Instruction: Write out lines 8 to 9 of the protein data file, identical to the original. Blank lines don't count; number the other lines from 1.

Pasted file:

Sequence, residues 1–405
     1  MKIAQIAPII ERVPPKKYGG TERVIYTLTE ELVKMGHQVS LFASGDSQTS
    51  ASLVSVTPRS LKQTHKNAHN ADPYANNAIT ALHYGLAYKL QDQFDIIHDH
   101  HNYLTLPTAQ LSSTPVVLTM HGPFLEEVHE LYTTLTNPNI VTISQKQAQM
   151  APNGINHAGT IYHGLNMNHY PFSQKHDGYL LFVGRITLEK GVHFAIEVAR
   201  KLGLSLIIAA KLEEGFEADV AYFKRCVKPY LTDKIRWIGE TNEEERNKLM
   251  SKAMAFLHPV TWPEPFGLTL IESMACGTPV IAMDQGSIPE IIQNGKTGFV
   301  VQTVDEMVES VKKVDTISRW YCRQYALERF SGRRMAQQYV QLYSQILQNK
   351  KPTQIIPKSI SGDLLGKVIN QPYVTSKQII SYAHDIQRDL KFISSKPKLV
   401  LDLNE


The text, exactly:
   301  VQTVDEMVES VKKVDTISRW YCRQYALERF SGRRMAQQYV QLYSQILQNK
   351  KPTQIIPKSI SGDLLGKVIN QPYVTSKQII SYAHDIQRDL KFISSKPKLV